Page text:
Background

Higher prevalence of mental health troubles, such as psychosis and anxiety syndromes, and a poorest perception of subjective health were found among Turks and Moroccans living in Belgium when compared to Belgians Fossion et al. Moreover, migrants and ethnic minorities have lower levels of access to health promotion facilities and health prevention Ochieng, ; Wilson et al. Among other examples, culturally competent interventions may include the development of culturally specific health services or ethnically sensitive health promotion campaigns, the deployment of interpreters and intercultural mediators in health facilities, as well as migrant-friendly health policies Beach et al.

Training models for cultural competence focus on developing the nontechnical skills of health professionals, such as empathy, openness, or kindness toward ethnic minorities Seeleman et al. In most training programs in cultural competence, the focus is on the individual healthcare professional rather than on groups. More precisely, although these interventions are likely to increase short-term patient outcomes of satisfaction, their effects are not sustained on the long term.

  • A total of healthcare professionals, including nurses, identified their social relationships with other healthcare professionals working in their service;
  • An International Effort Cultural competency efforts are underway not only in the US, but in Europe, Australia, and other parts of the world;
  • Healthcare workers must be informed about the cultural factors that influence people's health beliefs and behaviors, and they must be provided with the tools they need to serve a multi-cultural patient community;
  • Let's look at the benefits of cultural competence and how healthcare workers can employ culturally sensitive practices;
  • In addition, the number of male nurses has increased;
  • Monitor racial and ethnic disparities using data, and institute quality improvement initiatives where needed.

There may be insufficient evidence of a beneficial effect of cultural competence training on patient adherence and health outcomes as these programs mainly focus on one-time training and do not pay enough more attention to interdisciplinary interactions Beach et al.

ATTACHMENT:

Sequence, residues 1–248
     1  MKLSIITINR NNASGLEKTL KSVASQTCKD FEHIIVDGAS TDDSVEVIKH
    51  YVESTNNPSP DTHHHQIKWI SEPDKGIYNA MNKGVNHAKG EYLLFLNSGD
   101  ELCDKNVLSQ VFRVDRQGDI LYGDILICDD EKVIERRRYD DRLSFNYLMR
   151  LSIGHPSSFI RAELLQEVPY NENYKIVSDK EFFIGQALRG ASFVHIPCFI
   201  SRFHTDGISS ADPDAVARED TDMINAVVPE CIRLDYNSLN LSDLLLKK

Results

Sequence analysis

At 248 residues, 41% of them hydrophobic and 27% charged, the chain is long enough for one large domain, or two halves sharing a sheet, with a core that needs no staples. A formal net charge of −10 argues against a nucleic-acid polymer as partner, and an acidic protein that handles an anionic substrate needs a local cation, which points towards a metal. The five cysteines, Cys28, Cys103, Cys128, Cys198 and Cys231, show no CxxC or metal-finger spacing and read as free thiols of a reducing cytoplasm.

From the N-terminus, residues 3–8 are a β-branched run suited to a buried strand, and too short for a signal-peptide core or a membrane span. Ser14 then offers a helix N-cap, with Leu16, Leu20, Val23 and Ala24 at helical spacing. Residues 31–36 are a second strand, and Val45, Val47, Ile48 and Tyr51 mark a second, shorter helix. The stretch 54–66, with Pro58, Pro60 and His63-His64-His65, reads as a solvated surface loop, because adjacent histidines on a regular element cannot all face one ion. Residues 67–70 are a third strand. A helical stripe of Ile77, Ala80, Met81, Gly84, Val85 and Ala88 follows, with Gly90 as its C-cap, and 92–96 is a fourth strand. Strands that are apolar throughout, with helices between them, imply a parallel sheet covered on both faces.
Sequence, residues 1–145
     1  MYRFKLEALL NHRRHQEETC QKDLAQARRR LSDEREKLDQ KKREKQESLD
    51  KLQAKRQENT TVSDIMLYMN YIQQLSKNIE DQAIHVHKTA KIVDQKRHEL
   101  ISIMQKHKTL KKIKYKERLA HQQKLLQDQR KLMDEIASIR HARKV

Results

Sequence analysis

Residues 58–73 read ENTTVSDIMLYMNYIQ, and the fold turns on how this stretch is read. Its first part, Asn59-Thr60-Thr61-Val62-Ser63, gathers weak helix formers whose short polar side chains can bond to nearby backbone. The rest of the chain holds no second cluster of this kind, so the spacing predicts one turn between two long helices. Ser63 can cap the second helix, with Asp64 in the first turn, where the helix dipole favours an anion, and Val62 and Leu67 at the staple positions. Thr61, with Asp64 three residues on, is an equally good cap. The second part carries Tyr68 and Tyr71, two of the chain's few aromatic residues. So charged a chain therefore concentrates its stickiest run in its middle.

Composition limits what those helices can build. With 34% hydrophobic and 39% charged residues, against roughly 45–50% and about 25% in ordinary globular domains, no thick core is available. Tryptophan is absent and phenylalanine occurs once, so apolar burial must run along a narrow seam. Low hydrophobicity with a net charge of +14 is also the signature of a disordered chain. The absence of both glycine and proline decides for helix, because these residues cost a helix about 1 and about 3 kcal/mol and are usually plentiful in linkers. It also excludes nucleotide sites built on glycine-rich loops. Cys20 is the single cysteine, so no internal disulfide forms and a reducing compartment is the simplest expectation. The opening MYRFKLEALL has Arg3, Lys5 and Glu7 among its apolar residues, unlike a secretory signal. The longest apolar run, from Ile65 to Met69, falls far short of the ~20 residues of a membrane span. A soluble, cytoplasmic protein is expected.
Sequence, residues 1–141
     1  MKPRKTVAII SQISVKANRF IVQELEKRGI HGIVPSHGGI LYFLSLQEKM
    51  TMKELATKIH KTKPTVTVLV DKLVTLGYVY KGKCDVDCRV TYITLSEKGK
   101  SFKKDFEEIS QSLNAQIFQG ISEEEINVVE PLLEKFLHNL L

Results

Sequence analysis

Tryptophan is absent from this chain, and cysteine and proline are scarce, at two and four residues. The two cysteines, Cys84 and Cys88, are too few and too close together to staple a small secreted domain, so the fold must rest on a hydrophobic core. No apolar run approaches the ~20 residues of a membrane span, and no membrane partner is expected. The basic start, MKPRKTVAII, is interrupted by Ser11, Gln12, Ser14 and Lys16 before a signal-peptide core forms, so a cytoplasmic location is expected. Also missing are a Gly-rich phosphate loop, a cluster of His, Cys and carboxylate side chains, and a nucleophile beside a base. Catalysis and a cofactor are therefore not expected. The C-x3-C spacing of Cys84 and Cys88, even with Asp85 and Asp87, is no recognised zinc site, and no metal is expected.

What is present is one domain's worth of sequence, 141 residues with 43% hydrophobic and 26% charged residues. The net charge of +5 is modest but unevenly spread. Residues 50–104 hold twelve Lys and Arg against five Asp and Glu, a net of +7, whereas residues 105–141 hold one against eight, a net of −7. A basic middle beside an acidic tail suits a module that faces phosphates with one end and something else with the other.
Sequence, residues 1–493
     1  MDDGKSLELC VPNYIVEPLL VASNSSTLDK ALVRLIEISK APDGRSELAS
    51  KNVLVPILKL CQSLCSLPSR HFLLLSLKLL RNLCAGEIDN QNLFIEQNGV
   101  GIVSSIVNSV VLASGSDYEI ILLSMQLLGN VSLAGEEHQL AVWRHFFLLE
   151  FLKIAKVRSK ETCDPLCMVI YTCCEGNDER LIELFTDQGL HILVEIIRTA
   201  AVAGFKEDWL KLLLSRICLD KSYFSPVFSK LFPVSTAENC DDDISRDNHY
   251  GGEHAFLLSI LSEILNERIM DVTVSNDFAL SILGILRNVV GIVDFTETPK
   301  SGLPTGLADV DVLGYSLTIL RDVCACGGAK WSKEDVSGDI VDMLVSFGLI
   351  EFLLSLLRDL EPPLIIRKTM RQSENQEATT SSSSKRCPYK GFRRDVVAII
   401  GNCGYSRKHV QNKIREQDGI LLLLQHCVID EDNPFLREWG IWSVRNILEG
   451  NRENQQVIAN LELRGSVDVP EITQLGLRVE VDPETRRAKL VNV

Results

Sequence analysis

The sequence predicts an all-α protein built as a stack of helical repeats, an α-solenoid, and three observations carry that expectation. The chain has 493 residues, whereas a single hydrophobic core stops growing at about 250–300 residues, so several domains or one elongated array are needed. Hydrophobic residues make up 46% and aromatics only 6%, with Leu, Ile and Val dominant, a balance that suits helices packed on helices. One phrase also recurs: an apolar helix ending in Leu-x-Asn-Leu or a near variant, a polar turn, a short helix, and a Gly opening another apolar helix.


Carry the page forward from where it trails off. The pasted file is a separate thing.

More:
Delivering healthcare is a multidisciplinary and collective activity, especially in hospitals and primary care services. The quality of care, including patient safety, depends on the efforts of the entire team and not just on a few individuals Taylor et al.

Improvement Stories

The relevant education paradigms focus on lapses and report behaviors that the healthcare professional should avoid. Moreover, being culturally competent is not, on its own, adequate.

Improvement Stories

Each healthcare professional uses their own specific expertise to care for patients, and the combination of their complementary competences has positive effects on patient health outcomes Cameron et al. These norms usually spread among healthcare professionals via the most influential individuals: Normative influence is exerted through social side payments: In such a context, healthcare professionals with specific expertise in cultural competence will be more likely to integrate this competence into their daily practice.

Negative norms, on the other hand, include a negative perception of intercultural care or poor appreciation of cultural competence. The risk of poor appreciation of cultural competence is even greater when the skills are nontechnical skills that are difficult to grasp.

For these three reasons social learning, externalities, and normsit is likely that cultural competence is spread through leadership. In this study, influence of leaders on the cultural competence of the rest of the healthcare staff was investigated through a social network analysis.